# Force on permanent magnet solenoid core

I was wondering, since a coil/solenoid will pull any ferromagnetic material inside it, does the initial magnetization of the object in question affect the magnitude or direction of the force? I know that the force will be $F=0.5I^2\frac{dL}{dx}$ where $L$ is inductance, $I$ is current and $x$ is distance, but it doesn't really tell me how it would change with a different initial magnetization. I'm pretty sure the rod would get saturated pretty fast either way if the current is strong enough.

tldr: Does a coil pull a magnetized steel rod harder than an unmagnetized one, and if it does, does it matter which pole is facing the coil?

Thank you!

• Where have you seen this equation? Right hand side of your equation has dimension of energy. – Azad May 15 '15 at 8:18
• Sorry noticed an error in it, it should be $frac{dL}{dx}$ i can't find the original webpage but this one has a very similiar equation (nr 2) jpier.org/PIERB/pierb37/14.11110508.pdf – maxx May 15 '15 at 8:25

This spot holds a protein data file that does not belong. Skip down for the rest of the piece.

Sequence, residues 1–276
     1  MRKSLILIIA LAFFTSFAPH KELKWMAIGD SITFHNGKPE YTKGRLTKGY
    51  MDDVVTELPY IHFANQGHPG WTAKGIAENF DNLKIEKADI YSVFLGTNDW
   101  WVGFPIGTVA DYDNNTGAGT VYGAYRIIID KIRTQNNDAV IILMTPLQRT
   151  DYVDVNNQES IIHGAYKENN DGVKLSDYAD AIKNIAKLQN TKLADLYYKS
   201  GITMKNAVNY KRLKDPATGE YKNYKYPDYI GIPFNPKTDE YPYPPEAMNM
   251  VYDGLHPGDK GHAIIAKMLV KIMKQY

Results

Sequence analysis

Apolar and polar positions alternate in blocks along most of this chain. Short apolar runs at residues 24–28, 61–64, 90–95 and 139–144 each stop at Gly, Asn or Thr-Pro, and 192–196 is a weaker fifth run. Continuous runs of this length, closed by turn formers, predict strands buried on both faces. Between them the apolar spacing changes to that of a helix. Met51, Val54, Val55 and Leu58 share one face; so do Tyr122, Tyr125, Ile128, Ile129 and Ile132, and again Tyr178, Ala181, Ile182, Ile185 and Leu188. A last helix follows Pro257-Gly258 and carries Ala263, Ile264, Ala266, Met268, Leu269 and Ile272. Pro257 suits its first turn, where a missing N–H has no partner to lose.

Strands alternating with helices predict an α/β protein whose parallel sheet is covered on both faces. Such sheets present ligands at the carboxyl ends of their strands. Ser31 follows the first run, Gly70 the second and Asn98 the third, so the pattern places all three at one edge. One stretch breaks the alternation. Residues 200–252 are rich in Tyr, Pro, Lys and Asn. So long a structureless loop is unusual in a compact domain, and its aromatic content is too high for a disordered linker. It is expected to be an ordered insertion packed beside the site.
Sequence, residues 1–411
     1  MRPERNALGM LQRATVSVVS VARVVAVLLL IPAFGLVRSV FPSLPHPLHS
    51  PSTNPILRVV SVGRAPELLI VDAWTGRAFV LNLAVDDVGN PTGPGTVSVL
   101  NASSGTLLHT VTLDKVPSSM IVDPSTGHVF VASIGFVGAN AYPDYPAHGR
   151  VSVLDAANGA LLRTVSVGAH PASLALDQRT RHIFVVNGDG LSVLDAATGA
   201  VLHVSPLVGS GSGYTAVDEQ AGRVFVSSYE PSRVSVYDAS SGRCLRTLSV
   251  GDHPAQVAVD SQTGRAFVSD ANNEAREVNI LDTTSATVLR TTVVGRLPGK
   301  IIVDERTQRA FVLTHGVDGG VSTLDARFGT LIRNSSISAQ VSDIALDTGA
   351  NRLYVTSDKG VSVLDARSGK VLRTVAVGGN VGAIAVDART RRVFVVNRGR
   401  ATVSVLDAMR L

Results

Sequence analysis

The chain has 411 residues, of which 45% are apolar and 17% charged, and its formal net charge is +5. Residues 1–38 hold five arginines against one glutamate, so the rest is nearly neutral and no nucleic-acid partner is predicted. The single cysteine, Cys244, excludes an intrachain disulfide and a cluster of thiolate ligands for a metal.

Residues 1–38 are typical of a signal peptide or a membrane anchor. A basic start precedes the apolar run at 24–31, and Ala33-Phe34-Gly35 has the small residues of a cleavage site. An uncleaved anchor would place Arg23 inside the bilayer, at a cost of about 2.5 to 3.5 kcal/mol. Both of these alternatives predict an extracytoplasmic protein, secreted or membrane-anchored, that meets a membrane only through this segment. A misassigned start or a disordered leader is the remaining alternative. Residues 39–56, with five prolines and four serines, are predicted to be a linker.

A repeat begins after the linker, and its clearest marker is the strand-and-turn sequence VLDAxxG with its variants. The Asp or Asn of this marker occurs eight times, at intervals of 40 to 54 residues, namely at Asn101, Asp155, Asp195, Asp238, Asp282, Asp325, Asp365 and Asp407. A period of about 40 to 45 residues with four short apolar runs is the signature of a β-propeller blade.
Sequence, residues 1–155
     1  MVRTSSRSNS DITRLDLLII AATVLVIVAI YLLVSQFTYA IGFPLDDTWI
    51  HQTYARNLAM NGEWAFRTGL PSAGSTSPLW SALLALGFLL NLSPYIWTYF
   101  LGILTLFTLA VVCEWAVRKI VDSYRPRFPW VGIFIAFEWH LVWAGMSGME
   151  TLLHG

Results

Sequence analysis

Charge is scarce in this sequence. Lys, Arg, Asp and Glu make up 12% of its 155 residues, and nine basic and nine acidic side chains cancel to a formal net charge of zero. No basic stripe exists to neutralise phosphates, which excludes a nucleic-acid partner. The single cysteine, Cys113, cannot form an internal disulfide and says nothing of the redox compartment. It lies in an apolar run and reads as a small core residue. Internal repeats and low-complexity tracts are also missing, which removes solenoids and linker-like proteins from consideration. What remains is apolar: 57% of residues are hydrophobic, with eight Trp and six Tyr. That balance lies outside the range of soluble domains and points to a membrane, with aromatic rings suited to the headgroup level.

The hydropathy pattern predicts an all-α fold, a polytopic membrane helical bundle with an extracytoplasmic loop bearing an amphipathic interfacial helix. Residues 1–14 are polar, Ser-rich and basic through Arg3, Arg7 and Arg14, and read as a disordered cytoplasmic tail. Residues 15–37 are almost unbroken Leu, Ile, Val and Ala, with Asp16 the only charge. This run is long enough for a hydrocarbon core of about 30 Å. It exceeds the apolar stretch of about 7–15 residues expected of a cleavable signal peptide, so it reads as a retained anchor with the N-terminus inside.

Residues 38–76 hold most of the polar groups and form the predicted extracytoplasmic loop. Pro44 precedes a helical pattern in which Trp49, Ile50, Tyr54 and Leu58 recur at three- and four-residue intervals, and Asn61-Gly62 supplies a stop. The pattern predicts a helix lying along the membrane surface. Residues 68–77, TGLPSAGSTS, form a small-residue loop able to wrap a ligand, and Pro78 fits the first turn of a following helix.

• now it has dimension of momentum – Azad May 15 '15 at 8:32
• AAH/m=AA*(kgmm/(AAss))/m = kg*m/s^2=N, it is force. here is the original page info.ee.surrey.ac.uk/Workshop/advice/coils/force.html – maxx May 15 '15 at 8:36
• sorry my mistake – Azad May 15 '15 at 8:39

Assuming the unmagnetized one somehow become magnetized (eg because of ferromagnetism) it depends on the magnitude and direction of the magnetization vector of the magnetized one. Magnetic materials are composed of magnetic dipoles and the force felt by these dipoles is $F=\nabla(m\cdot B)$
• @maxx mutual inductance is dependent on the distance so you have $\partial M \over \partial x$. so I think yes. but not at the first moment. there needs to be a current and faraday's law creates that if it moves and the initial movement will be caused by the force I mentioned above. so in a sense it depends on the direction of initial magnetization indirectly. – Azad May 15 '15 at 8:53